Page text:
The NZX was a wild-west market in the 1980s and 1990s, mainly because of the lack of regulation, particularly the absence of a takeovers code.

Listed companies were plundered as controlling shareholders sold assets into them at inflated prices and bought assets from them at well below fair value.

London Pacific is a perfect example of the plundering and deception that characterised the NZX three and four decades ago.   

London Pacific 

London Pacific, which was incorporated as Teltherm Industries in 1970, listed on the NZX in 1976. The company was fairly typical of the era as it was involved in a wide range of diverse activities including the importing, manufacture and distribution of electronic and engineering equipment.

Allan Hawkins’ Equiticorp purchased a majority stake in Teltherm in 1983 and the following year, the company changed its name to JEDI Corporation. Hawkins was appointed a JEDI director and by 1985, Chase Corporation had acquired a 20% stake, with Colin Reynolds and Peter Francis as its board representatives.

A mid 1985 investment report described JEDI as “a market highflyer” that “should soon produce the results to justify its high profile”. 

In a typical mid 1980s transaction, JEDI sold its two major assets, AM Bisley and Yates Corporation, to Equiticorp in early 1986, leaving JEDI as a listed shell with $33 million in cash, no debt and a small shareholding in NZX-listed Perry Dines.  

First partial takeover 

In May 1986, Equiticorp sold its 85% holding to Trinity Insurance, a UK incorporated company controlled by Cheah Theam See of Malaysia. 

JEDI changed its name to London Pacific in Sept 1986, but the shareholding reverted back to Equiticorp after Trinity Insurance and Cheah defaulted on their payments.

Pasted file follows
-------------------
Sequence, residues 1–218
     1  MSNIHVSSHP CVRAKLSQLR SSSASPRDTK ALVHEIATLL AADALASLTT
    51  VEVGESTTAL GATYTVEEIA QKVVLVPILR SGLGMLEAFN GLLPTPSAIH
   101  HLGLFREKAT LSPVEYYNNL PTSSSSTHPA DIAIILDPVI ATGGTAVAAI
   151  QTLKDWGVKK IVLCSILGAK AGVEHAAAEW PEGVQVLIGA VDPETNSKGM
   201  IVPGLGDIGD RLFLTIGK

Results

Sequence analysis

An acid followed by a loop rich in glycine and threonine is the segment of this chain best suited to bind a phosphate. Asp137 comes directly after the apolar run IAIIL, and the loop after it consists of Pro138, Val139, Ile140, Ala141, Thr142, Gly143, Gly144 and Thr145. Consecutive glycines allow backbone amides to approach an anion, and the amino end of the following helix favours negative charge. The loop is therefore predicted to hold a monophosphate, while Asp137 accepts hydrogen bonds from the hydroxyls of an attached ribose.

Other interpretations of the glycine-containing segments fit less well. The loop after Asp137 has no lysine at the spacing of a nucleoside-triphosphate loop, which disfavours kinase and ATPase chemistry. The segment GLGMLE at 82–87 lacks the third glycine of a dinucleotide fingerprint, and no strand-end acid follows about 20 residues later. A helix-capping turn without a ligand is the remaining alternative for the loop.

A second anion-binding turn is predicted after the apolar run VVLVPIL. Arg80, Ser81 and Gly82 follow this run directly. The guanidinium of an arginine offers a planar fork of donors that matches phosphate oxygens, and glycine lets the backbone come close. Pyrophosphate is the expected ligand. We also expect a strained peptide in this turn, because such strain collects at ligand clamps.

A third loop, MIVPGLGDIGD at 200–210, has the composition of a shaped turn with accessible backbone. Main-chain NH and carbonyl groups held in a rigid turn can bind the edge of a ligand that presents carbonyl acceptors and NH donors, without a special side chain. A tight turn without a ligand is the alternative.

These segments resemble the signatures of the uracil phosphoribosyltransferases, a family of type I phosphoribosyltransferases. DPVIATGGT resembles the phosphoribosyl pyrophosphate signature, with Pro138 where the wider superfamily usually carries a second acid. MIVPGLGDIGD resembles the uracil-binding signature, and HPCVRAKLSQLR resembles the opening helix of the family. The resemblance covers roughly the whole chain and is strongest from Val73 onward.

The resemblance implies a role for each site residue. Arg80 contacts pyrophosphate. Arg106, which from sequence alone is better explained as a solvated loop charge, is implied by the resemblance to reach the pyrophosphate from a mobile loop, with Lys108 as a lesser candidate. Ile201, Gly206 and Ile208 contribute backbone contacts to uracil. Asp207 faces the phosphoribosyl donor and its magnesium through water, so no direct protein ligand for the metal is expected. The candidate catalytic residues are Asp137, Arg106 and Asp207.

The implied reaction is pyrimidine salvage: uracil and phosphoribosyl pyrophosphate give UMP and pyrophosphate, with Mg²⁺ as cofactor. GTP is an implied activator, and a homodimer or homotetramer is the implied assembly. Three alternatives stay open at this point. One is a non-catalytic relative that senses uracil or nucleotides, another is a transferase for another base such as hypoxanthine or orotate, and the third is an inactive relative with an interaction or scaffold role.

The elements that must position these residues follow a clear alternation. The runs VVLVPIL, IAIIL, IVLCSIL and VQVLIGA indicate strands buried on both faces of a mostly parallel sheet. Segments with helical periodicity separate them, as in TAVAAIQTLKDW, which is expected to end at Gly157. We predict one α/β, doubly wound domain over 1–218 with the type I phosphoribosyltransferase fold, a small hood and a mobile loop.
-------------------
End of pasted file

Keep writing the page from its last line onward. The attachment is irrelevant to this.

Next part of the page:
Hawkins, who was Equiticorp’s CEO, later said Cheah was his company’s biggest problem as the Malaysian businessman did a runner from New Zealand, leaving Equiticorp with a $100m write-off in relation to its JEDI/London Pacific investment.

Second partial takeover 

On Dec 22, 1988, London Pacific announced that Equiticorp had sold its reduced London Pacific stake of 69.4% to Stephen Koong from Singapore and Andrew Yew from Malaysia.

The stock exchange release stated: “It is the intention of the purchasers to direct the investment of the company into the timber industry and the new board have arranged for the company to make a substantial investment in timber extracted from a Malaysian timber concession near the Indonesian border in Sarawak.”

Two board meetings were held in Auckland on Dec 21, 1988, the day before the Equiticorp sale was announced to the NZX. 

The first meeting accepted the resignation of Dennis Paget, Peter Tibbits and Brian Mackenzie from the London Pacific board and the registration of 105.77m London Pacific shares purchased by Shelco Investments from Equiticorp.

The second approved the appointment of Koong, Yew and Peter Chieng as directors, with the latter as chairman. The minutes of the second meeting stated: “The chairman reported that a proposal had been received for the company to invest in the timber business in Malaysia by way of purchasing all of the share capital of Begin Link Limited, a Hong Kong company which had an investment in the marketing rights of timber extracted from the timber concession known as T3155 in the state of Sarawak, Malaysia.”

The new directors agreed to purchase Begin Link for NZ$4.2m.

Payment for shares purchased from Equiticorp 

Shelco Investments, the purchaser of London Pacific shares, was a shell company incorporated by Auckland law firm Martelli McKegg Wells & Cormack with capital of only $100 that was never increased.

Shelco had two registered owners, Koong (99%) and Yew (1%), although the Securities Commission later discovered that Koong and Yew held these shares on behalf of a Singapore businessman with Sarawak timber concessions.

On Dec 21, 1988, Shelco paid $25.5m for its London Pacific shares as follows: